Johnson has called for the abolition of English-language visa requirements in order to save the slaughter of 100,000 pigs.


Johnson has called for the abolition of English-language visa requirements in order to save the slaughter of 100,000 pigs.

In a desperate attempt to avoid a mass killing of 100,000 British pigs, UK farmers are demanding a change in immigration restrictions.

Foreign vets and butchers are expected to speak English under post-Brexit visa regulations.

However, the government is presently only issuing 1,000 temporary visas to fill workforce shortages in the UK’s farming sector due to persistent staff shortages.

The National Farmers’ Union (NFU) now wants the government to lower the needed level of English so that more workers can come to the UK to help with the farm staffing deficit.

“We want the needed level of English to be decreased so that there is a larger pool of people who can come here and assist tackle this situation,” NFU President Minette Batters told The Mail on Sunday.

“People are already being skill-tested by recruitment companies in South America.

“If the language barrier were overcome, they could come here rapidly.”

“We already know that farmers are slaughtering pigs on their farms.

“It’s in the hundreds right now, not thousands, but it’s a ticking time bomb.”

“There has to be a solution in a matter of days.”

Britain is facing a “acute welfare calamity,” according to Rob Mutimer, chair of the National Pig Association (NPA).

Farmers may be forced to murder their livestock, according to Mr Mutimer, due to a severe scarcity of butchers and slaughterers.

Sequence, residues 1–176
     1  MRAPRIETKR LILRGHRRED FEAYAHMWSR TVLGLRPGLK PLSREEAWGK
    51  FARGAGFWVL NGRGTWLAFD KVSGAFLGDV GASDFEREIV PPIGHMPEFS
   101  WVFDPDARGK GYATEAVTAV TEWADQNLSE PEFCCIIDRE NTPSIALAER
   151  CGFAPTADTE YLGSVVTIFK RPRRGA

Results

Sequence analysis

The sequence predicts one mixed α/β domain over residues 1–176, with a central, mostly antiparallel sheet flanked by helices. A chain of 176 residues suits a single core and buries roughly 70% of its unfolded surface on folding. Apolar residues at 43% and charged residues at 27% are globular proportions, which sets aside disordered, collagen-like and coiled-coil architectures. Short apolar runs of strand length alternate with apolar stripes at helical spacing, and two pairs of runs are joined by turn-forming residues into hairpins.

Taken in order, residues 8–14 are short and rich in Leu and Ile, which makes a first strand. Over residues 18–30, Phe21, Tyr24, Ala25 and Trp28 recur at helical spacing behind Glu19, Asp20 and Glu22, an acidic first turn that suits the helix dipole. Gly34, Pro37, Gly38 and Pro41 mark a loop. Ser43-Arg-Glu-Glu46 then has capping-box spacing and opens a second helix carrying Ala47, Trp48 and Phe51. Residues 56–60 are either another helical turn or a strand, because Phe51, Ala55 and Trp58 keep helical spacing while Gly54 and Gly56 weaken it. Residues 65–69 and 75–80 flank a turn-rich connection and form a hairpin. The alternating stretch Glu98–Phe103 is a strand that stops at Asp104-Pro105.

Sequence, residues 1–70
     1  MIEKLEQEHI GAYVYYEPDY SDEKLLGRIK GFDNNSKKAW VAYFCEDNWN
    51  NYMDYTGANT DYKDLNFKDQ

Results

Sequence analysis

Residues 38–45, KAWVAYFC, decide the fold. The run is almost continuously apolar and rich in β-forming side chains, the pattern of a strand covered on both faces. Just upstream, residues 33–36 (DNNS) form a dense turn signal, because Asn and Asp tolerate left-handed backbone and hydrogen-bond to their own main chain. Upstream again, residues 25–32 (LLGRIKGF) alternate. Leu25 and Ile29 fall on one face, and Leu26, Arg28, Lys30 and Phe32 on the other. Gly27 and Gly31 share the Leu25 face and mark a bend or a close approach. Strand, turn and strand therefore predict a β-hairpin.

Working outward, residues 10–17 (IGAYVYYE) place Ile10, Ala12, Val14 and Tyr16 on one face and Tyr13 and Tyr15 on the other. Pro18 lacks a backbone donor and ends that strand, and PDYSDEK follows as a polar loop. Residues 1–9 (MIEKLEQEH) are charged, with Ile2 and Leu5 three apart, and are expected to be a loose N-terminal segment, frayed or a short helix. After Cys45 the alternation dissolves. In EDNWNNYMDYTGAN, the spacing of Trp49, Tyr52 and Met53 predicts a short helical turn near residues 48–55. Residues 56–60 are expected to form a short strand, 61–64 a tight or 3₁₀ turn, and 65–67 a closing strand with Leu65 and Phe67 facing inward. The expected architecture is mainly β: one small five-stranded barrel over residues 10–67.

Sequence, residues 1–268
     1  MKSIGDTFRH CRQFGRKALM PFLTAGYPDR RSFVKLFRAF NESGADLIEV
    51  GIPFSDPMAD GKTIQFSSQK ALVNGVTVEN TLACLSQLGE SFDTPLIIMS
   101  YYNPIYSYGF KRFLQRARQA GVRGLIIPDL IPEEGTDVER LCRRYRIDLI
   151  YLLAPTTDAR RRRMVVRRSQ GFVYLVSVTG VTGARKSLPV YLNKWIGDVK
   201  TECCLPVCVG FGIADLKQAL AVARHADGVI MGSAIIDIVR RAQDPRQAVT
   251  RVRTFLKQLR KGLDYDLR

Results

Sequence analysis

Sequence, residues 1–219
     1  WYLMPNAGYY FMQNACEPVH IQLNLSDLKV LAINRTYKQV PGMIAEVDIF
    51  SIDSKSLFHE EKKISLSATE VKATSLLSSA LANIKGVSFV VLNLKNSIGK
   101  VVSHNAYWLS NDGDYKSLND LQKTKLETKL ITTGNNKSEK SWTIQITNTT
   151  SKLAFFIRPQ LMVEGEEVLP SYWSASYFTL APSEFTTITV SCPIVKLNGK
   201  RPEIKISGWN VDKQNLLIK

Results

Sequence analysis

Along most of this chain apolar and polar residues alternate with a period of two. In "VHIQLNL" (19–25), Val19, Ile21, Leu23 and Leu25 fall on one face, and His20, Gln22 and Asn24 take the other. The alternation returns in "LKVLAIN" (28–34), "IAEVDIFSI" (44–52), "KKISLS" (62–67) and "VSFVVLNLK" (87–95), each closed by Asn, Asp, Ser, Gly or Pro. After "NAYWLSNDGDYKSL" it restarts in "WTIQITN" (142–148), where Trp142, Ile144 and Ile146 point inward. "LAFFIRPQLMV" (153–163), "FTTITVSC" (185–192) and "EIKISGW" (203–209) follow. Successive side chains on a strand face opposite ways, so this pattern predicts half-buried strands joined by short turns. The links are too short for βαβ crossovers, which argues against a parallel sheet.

“We are within a few of weeks of having to consider a major cull of animals in this country,” he warned on BBC Radio 4’s Today programme.

“As of now, we estimate that our backlog is between 100,000 and 120,000 cases.”

“And it’s rising at a rate of roughly 12,000 every week.”

“This is happening all throughout the country on pig farms; they are overcrowded and running out of space to maintain pigs.”

According to NFU figures, nearly 500,000 of the four million individuals employed in the farming sector fled during the epidemic.

More than a third of horticulture job openings are still vacant, according to the data.

According to the Office for National Statistics, 27% of food industry businesses had lower-than-normal stock levels.

According to Grant Thornton, there are more than 500,000 job openings in the food and beverage industry.

In the midst of the labor shortage, the government has maintained that food companies must pay British workers before turning to international workers.

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